11 enviro-facts about farmers and ranchers
On Earth Day (April 22) and throughout the year, farmers and ranchers are dedicated to an important mission – feeding Americans so we don’t have to depend on other nations for our most basic need. Check out 11 enviro-facts about how farmers produce a bounty of food for consumers below.
Farmers drink the same water and breathe the same air as their neighbors, which is why they are committed to protecting and sustaining the environment for their families, their communities and for future generations. Farmers respect, support and abide by strict environmental standards on their farms.
Farms today produce more food with fewer resources than ever before. While farm and ranch productivity has increased dramatically since 1950, the use of resources (labor, seeds, feed, fertilizer, etc.) required for production has declined markedly.
Protecting the land is in the economic interest of farmers and ranchers, as well as society overall. America’s farmers and ranchers take their commitment to land stewardship very seriously.
GPS-based mapping, auto-steer guidance systems and variable-rate technology for applying crop inputs such as pesticides and fertilizer are used by farmers to increase yields, lower costs and reduce chemical use, which benefits the environment.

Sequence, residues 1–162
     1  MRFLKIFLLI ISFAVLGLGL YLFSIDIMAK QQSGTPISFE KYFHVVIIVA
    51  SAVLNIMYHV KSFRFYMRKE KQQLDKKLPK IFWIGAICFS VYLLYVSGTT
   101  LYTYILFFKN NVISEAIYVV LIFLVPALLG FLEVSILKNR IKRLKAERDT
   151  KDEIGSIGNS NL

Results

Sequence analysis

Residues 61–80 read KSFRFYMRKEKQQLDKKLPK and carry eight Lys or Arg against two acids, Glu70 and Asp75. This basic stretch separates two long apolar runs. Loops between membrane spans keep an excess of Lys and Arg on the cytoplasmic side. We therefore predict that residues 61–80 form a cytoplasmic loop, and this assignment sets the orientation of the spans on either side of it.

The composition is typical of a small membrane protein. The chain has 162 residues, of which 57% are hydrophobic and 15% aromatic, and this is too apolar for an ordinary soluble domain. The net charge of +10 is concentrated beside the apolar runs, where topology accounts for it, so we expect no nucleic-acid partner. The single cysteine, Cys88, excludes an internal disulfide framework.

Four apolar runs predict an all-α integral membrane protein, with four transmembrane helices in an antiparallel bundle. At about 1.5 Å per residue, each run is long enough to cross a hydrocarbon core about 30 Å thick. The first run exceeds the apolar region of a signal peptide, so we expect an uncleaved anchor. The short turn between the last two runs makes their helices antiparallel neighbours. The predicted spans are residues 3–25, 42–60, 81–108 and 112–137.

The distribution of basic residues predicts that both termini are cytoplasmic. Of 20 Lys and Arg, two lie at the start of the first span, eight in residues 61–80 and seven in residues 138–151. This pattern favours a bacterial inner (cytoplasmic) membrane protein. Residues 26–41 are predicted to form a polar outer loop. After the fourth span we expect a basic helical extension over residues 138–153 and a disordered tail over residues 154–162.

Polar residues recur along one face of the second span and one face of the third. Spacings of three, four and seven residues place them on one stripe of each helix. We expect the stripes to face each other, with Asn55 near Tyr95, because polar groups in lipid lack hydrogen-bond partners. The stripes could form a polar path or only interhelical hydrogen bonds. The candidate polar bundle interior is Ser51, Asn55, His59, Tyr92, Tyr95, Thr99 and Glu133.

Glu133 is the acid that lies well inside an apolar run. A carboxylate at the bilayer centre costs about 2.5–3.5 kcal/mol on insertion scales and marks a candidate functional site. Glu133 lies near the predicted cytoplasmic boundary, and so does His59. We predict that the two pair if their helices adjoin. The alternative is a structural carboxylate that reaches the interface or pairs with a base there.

With the world population expected to grow to 9.7 billion by 2050, precision agriculture will play a role in helping farmers reduce inputs while increasing productivity to meet the growing demand for food.
Through modern conservation and tillage practices, farmers and ranchers are reducing the loss of soil through erosion, which protects lakes and rivers. Careful stewardship by America’s food producers has spurred a nearly 50-percent decline in soil erosion on cropland since 1982.
Advanced conservation practices are used on more than 50 percent of cropland acres.
A whopping 282 million gallons of diesel fuel are saved annually by farmers who practice continuous no-till crop farming.
With modern agriculture practices, one acre of land (about the size of a football field) in the U.S. can produce 50,000 pounds of strawberries or 2,784 pounds of wheat or 821 pounds of cotton.
Rice farms provide $3.5 billion in value in ecological services as wetlands.
Farmers are producing more milk from dairy cows with fewer resources. The pounds of feed (grain, forage, etc.) a cow needs to consume to produce 100 pounds of milk has decreased by more than 40 percent on average in the last 30 years.
–Montana Farm Bureau